Media outlets are reporting that two members of Congress – the leaders of the far-right Freedom Caucus and the moderate Tuesday Group, both composed of Republican members—have agreed to an amendment for the stalled U.S. House’s Affordable Care Act (ACA, or Obamacare) repeal bill. The amendment would make a bad bill worse by gutting protections for people with pre-existing conditions.
The original ACA repeal bill lost support from members of both groups. Some Freedom Caucus members thought the bill didn’t go far enough to strip consumer protections for people with pre-existing conditions. Some more moderate members of Congress objected because the bill would cause 24 million people to lose coverage, raise costs especially for older and poorer consumers, and make draconian cuts to Medicaid.
The reported amendment is not a compromise that bridges these two positions–it does nothing to address the dramatic loss of coverage, increased cost burdens on older and poorer consumers, and over $800 billion in cuts to Medicaid. Rather, it gives the Freedom Caucus what it has demanded: a means for states to undermine current protections that ensure people can get decent and affordable health coverage even if they have a pre-existing condition. To placate moderate Republicans, states wishing to retain the ACA’s gains in health coverage could choose to retain consumer protections, assuming local politics supported that choice.
What is in the amendment?
Under the amendment, states would be able to opt out of “essential health benefit” standards at will and waive the requirement that health plans not charge people more because they have a pre-existing condition if the state makes a high-risk pool available.
The amendment has the same effect as letting insurers deny coverage to people with pre-existing conditions – something many members of Congress have pledged not to do. Health insurance companies will jack up premiums and shrink benefits to weed out costly patients. How high will premiums go for people who are less healthy? Related, pre-ACA experience in Texas shows insurers generally charged the highest-risk enrollees in small employer plans as much as $20,000-$30,000 per person per year (and that was under a system that limited maximum premiums, which would not exist for the individual market). Individuals with severe cancers could be charged over $70,000 per year.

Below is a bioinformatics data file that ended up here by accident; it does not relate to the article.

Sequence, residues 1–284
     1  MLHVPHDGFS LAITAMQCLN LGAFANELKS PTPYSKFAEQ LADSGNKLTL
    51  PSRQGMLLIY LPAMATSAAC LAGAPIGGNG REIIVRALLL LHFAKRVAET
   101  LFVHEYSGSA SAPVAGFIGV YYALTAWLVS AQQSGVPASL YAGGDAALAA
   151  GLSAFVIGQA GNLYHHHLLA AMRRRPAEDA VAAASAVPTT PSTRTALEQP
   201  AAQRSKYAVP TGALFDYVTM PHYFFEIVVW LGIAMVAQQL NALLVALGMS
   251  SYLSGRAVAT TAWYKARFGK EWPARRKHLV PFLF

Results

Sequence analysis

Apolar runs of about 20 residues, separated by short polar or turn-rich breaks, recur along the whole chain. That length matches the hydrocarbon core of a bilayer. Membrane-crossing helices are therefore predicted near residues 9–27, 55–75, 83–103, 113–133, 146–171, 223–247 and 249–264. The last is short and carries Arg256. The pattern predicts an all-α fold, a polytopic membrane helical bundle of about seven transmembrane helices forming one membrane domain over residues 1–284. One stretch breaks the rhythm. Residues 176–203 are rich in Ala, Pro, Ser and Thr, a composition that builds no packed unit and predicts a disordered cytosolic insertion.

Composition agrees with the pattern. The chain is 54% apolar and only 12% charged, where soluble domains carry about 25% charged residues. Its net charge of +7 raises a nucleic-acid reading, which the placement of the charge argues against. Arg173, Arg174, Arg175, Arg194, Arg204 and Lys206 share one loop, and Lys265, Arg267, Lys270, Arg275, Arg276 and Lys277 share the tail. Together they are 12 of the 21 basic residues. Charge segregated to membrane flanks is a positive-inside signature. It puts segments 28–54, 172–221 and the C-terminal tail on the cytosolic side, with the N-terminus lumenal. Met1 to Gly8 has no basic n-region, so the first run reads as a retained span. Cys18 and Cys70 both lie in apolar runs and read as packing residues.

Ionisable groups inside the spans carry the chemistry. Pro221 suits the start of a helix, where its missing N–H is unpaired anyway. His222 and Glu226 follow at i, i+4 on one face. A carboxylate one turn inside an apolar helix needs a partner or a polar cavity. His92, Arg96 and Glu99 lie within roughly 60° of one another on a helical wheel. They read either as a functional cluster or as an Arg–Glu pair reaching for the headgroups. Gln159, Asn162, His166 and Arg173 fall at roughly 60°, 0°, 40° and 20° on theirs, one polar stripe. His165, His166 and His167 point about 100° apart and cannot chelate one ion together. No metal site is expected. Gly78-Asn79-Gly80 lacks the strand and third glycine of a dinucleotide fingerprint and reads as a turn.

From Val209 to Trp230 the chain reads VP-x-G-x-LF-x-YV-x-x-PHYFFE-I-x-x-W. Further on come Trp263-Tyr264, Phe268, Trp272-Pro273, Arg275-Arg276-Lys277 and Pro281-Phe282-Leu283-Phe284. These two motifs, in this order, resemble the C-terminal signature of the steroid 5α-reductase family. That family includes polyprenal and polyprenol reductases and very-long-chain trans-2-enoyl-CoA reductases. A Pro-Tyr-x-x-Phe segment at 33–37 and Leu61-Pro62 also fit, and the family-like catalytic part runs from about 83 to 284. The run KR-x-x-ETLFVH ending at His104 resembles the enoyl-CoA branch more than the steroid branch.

Notably – and hypocritically – Republican legislators want to exempt themselves and their staff members from the arcane changes above. Apparently Republican leaders think that covering essential health benefits – including pre-existing conditions – is important for themselves but not for all Americans.
High-risk pools are inadequate
Consumers priced out by these massive premium increases may technically have an offer of coverage from a high-risk pool, but the outline of the amendment contains no assurances of adequacy or affordability for the risk pool. Segregated high-risk pools, like the one Texas used to have, are pre-ACA relics generally considered failed experiments due to their exorbitant premiums, lack of meaningful sliding-scale premium subsidies, low enrollment, high deductibles, lifetime limits, and pre-existing condition waiting periods. Texas’ old pool suffered from all of these problems. In 2013, the Texas high-risk pool covered just 23,000 people and most pool participants paid premiums twice as high as standard market rates.
Insurance spreads the cost of the few really sick people over the pool of mostly healthy people. High risk pools do not; they cover only sick people. To ensure affordable coverage, high-risk pools would have to have substantial funding, something Congress may be unwilling to provide. The original ACA repeal bill contains $10 billion a year for states to use on high risk pools, but experts believe far more would be need. The Commonwealth Fund estimates that a nationwide high risk pool could cost $91 billion to $178 billion per year.
Bottom line: a bad bill that keeps getting worse
The initial ACA repeal bill had only a 17 percent approval rating, and 64 percent of Americans say it is a good thing that the bill failed. That’s no surprise given that the bill would have caused 24 million to lose coverage and hiked premiums for older and poorer individuals. What is surprising is that some members of Congress now want to abandon previous assurances that any ACA repeal-and-replace bill would protect individuals with pre-existing conditions, which one in four non-elderly Texans have. The recently reported amendment takes direct aim at people with pre-existing conditions, placing their future coverage at risk.
More on removing essential health benefits and community rating protections in Texas here.
More analysis of the impacts of the latest reported amendment here from Center on Budget and Policy Priorities.
More analysis of the underlying ACA repeal bill possibly being amended here and here.